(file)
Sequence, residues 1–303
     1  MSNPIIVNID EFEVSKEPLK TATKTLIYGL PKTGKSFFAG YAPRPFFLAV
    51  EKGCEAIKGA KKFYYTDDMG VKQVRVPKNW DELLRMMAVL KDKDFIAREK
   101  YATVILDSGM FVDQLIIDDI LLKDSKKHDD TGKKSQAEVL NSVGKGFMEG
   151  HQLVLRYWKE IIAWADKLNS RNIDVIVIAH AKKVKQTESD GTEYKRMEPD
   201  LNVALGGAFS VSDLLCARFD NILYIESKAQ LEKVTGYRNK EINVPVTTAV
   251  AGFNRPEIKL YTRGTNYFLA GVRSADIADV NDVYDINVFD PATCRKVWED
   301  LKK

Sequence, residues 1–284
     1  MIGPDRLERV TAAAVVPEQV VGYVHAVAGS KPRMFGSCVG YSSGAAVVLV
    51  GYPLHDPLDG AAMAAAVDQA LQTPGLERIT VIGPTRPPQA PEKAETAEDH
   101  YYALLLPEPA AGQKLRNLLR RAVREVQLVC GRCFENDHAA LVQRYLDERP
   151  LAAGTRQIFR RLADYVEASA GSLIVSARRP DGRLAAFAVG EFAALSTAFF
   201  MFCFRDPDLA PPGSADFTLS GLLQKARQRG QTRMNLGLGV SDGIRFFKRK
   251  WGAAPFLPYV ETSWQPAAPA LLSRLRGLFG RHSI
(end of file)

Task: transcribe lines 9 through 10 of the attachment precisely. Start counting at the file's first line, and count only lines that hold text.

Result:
Sequence, residues 1–284
     1  MIGPDRLERV TAAAVVPEQV VGYVHAVAGS KPRMFGSCVG YSSGAAVVLV